Facilitating Discussion: Five Factors that Boost Student Engagement

class discussions

It’s another of those phrases frequently used and almost universally endorsed but not much talked about in terms of implementation. What does facilitating discussion mean? How should a teacher do it? Two faculty researchers, Finn and Schrodt (2016), frame the problem this way: “The literature is replete with descriptive accounts and anecdotal evidence but lacks the kinds of empirical investigations that could create theoretical coherency in this body of work” (p. 446). They decided our understanding of discussion facilitation could be deepened with an operational definition, one that resides in an instrument to measure it quantitatively.

Beyond developing and validating the instrument, they wondered what learning-related outcomes does discussion facilitation accomplish. Does it generate student interest and motivate learning? Can discussion promote those behaviors that reflect interest and involvement in learning across courses and in activities outside the classroom?

Developing the instrument was the first task. To do so they used literature on discussion to generate an initial pool of 75 items. Three hundred and sixty undergraduates were asked to use those items to rate the discussion facilitation skills of the instructor they had in the course that met prior to the class in which the data were collected. Analysis of their responses revealed five factors involved in effective discussion facilitation.

  • Affirms students’ discussion: This aspect of discussion facilitation accounted for 45 percent of the variance, which was significantly higher than the other four factors. It included high ratings on items such as, “My teacher encourages participation during class discussions,” “My teacher communicates appreciation for student contributions during discussion,” and, “My teacher values what students say during class discussions.” These data confirm a fundamental feature of effective discussion facilitation. Teachers must “patiently” and “positively” encourage students to contribute during discussion (p. 448).
  • Organizes discussion: Discussions benefit from instructor guidance and direction, as long as they stop short of controlling the discussion. From the overall structure of the discussion, to promote the sense that it is going somewhere and to keep it on track, effective facilitation involves keeping the discussion focused on the designated topic. That focus needs to be achieved with guidance, a kind, constructive direction that sets the boundaries of the discussion without dictating or more subtly controlling what can be said within those boundaries. Participation in a discussion is dampened if there’s a sense that participants aren’t free to express relevant ideas, opinions, and perspectives.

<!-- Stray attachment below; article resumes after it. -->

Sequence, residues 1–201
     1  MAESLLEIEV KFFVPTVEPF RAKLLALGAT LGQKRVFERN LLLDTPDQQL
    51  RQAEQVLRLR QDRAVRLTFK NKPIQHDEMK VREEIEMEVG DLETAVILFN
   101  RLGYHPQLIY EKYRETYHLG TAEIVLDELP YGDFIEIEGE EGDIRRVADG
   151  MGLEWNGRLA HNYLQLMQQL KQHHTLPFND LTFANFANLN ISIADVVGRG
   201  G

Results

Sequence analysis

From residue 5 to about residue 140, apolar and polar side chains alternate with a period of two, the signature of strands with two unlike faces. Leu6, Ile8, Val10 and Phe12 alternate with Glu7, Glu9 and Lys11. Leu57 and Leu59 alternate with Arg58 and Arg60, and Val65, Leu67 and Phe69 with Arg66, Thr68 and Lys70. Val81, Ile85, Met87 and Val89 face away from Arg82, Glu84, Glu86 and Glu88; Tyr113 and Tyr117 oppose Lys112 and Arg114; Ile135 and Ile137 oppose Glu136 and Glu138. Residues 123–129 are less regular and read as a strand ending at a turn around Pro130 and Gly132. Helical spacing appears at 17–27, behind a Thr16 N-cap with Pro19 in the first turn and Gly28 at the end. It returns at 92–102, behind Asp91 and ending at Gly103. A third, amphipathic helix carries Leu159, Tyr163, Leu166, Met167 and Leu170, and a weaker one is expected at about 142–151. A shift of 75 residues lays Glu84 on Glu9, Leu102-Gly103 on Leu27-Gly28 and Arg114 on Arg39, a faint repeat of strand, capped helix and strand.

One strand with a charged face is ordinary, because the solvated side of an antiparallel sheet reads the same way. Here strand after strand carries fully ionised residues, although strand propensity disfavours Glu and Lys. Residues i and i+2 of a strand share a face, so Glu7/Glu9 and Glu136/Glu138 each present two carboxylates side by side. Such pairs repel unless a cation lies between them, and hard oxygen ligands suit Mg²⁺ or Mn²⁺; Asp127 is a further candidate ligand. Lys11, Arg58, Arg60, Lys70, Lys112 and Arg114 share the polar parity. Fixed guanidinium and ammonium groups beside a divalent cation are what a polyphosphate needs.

• Provokes discussion: The skill here is sparking discussion with controversial statements (i.e., points that can be debated). The teacher needs to give students reasons to want to discuss something. Sometimes that’s effectively accomplished when the teacher assumes a devil’s advocate role. Interestingly, Finn and Schrodt (2016) found this factor generated mixed reactions from students. “Playing ‘devil’s advocate’ with an air of inquisitiveness is quite different from playing ‘devil’s advocate’ with an air of superiority.” (p. 459) Discussion facilitation involves a nuanced use of verbal and nonverbal communication skills.
  • Questions students: What you want to hear is, “My teacher asks students thought-provoking questions.” Rather than questions with straightforward answers, these are open-ended, probing, even leading questions. When these kinds of questions are regularly infused throughout the discussion, they can help to provide the structure a discussion needs. They can continue to provoke student interest, but, more importantly, they can make students think.
  • Corrects students: Only accounting for 3.6 percent of the variance, this factor ended up being assessed with only three of the 33 items on the second version of the instrument. The idea here is that students appreciate teacher discussion facilitation that ensures that when it ends, they have information that is correct and enhances their understanding of course content.

As part of exploring the relationship between discussion facilitation and student interest and engagement, the researchers used a “student perceptions of instructor understanding” scale. It measures the extent to which students think instructors understand or misunderstand them, such as with, “My teacher understands the questions I ask.” The second study documented that “when instructors provoke and organize discussions using a variety of questions, employ responses that affirm students, and correct discussions to focus on course content, such behaviors are directly associated with student interest and engagement in the course, as well as indirectly predictive of both outcomes through perceived understanding” (p. 459).

Not only is this instrument of value to subsequent explorations of discussion facilitation, it is a great tool for instructors who wish to understand the specific components of effective discussion facilitation. And for those interested in feedback on the extent to which they are effectively facilitating discussion, items on the final 25-item version of the instrument are included in the article. Kudos to these researchers for developing an instrument with both empirical and pragmatic utility. Best of all, it offers a clear description of how a teacher facilitates a discussion.

Reference: Finn, A. N., & Schrodt, P. (2016). Teacher discussion facilitation: A new measure and its associations with students’ perceived understanding, interest and engagement. Communication Education, 65(4), 445–462.

Reprinted from Facilitating Discussion, The Teaching Professor, 30.10 (2016): 4. © Magna Publications. All rights reserved.